What does the future hold for utelcos? Well, while we polish our crystal balls, let’s take a quick look into the past.
Traditionally, a utelco’s path would entail leveraging its internal communication infrastructure to become a carrier-of-carriers, and then a full telecoms operator, which, as we mentioned in a previous post
, would result in the highest potential financial benefit.
This model worked particularly well for transmission system operators, which had in place electricity networks with national reach. But with the advent of ‘smart grids
’ and ‘smart metering
,’ there may now be similar opportunities for utelco services on a regional level.
Electric utilities are currently undergoing the greatest transformation yet. Environmental considerations mean that these utilities must be concerned with much more than providing electricity alone. They must contribute to the reduction of CO2 emissions, improve energy efficiency through the network and increase the amount (percentage-wise) of renewable energy. The roll-out of smart metering platforms and the subsequent establishment of smart grids – which were originally being pushed by governments to provide efficiency-promoting, ‘near’ real-time measurement of customer demand – have actually created significant opportunity.
How? Well, for one, these ‘smart’ initiatives will only work if information and communications technology (ICT) systems are deployed deeper in the utility network, all the way to the end user. This will create a communications platform that’s ready to serve as the basis for operating a full-service telecoms network. In other words, this last-mile communications connectivity to every premise/customer within their region may turn out to be a means to a fairly lucrative end.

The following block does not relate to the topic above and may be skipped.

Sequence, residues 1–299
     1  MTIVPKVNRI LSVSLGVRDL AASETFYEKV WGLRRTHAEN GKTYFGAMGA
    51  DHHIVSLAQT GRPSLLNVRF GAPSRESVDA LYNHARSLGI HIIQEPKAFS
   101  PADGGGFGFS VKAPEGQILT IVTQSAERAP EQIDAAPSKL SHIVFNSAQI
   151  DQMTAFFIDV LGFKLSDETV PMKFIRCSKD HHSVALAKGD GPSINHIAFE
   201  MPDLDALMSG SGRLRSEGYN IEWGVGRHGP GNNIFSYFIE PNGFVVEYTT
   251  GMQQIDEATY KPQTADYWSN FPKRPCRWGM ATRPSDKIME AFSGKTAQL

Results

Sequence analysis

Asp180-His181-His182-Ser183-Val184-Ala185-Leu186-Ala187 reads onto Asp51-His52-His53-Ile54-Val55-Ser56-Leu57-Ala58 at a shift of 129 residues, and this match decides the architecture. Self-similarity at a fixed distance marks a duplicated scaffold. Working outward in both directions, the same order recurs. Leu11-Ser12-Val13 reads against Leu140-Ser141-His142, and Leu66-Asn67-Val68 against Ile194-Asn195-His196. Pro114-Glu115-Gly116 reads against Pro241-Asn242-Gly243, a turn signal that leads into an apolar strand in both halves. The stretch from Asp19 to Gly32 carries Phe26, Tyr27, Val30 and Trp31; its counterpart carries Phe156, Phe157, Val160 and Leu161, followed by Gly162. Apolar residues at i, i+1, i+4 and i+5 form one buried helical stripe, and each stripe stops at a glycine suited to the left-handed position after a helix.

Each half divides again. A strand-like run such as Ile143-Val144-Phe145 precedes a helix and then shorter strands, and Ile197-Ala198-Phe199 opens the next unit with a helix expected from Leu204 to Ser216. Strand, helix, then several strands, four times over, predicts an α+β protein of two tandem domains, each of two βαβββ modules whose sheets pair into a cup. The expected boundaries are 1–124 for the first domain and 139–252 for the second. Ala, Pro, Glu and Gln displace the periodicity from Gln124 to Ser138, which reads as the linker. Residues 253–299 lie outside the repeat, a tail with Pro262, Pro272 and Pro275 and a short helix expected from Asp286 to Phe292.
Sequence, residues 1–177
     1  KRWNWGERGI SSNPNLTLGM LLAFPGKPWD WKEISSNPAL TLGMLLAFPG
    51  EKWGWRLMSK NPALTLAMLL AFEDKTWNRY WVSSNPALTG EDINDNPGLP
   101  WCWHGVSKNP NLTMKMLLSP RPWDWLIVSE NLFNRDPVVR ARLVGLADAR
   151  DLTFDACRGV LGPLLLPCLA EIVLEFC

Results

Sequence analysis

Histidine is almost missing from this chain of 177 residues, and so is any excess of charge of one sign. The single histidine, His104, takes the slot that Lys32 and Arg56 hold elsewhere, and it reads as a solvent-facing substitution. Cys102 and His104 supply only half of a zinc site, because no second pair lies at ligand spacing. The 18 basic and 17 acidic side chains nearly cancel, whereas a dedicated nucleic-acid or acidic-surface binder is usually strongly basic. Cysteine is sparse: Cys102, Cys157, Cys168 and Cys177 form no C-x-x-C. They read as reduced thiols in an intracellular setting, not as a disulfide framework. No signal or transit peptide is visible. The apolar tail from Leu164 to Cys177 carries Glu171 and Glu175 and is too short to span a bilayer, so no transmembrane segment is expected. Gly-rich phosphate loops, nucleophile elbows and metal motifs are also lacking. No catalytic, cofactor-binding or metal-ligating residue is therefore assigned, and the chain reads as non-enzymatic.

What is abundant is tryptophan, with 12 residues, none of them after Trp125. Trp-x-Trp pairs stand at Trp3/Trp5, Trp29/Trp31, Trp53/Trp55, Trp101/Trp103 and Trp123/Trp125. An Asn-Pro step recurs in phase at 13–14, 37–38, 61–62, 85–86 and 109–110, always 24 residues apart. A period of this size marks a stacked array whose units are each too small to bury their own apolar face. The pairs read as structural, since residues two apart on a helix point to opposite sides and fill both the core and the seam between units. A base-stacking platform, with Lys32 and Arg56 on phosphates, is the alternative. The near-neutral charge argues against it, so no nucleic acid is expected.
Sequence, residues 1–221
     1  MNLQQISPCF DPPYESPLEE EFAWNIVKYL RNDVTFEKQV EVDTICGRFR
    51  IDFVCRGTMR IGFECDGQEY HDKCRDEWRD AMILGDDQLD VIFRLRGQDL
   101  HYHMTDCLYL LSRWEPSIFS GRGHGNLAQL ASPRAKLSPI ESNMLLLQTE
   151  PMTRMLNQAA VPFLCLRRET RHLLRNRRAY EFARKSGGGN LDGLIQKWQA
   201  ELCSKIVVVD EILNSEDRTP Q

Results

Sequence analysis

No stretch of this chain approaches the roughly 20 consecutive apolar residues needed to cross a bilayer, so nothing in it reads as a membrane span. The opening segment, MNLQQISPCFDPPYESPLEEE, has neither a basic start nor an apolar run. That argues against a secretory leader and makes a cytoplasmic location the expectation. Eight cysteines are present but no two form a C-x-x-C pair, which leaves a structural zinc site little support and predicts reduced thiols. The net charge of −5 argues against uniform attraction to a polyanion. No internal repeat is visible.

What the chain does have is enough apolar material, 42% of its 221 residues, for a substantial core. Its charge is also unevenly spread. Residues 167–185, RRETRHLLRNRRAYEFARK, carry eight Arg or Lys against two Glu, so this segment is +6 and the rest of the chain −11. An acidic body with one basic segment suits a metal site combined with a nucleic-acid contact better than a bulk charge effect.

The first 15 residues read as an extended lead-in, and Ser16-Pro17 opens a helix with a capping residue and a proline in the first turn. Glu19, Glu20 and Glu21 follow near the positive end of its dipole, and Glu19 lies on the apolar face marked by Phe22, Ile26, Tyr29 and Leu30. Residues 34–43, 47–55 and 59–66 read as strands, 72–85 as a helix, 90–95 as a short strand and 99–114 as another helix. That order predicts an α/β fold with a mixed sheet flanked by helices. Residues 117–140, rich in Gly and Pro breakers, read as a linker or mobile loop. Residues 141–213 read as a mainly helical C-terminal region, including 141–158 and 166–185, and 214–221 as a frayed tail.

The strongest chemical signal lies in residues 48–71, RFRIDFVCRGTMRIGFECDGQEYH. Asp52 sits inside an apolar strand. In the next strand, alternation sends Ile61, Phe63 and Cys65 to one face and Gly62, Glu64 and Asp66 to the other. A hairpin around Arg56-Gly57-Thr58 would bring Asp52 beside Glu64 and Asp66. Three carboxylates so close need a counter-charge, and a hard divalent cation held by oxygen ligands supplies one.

Of course, once these operators have their networks in place, the work has only just begun, especially considering how competitive the telecoms market is. But the utelcos have a unique set of attributes that may provide a significant differentiator and ease their entry into the market.
For starters, the utility’s geographic footprint is one of its main competitive advantages. Because the utility has to deliver electricity to even the most remote geographical areas, the main infrastructure to support communications services already exists. This means the utelco has the capability to deliver a wide portfolio of communications services (for a relatively small level of investment) into physical locations where it may not be commercially viable for other telecoms operators.
In particular, opportunities exist for utelcos to deliver services including broadband and fixed and mobile services to residential and business users in rural communities. If the utelco does not wish to sell services directly to end users, the spare space and capacity at its various sites and towers in association with last mile connectivity can be a revenue-generator as well, based on existing telcos leasing the space.
Finally, there’s an opportunity to deliver new ‘back office’ services. Smart metering, and in particular the introduction of differential tariffs, will create a requirement for real-time billing systems to be deployed. The data processing engines within these systems could be used to provide managed billing systems for third parties.
Make no mistake about it: while utelcos have been around for a while, the advent of smart grid and smart metering is sure to take things to a completely different level – no crystal ball required!
Marcelo Blatt, Ph.D.
Director, Portfolio Management and Vertical Applications
Network Solutions Division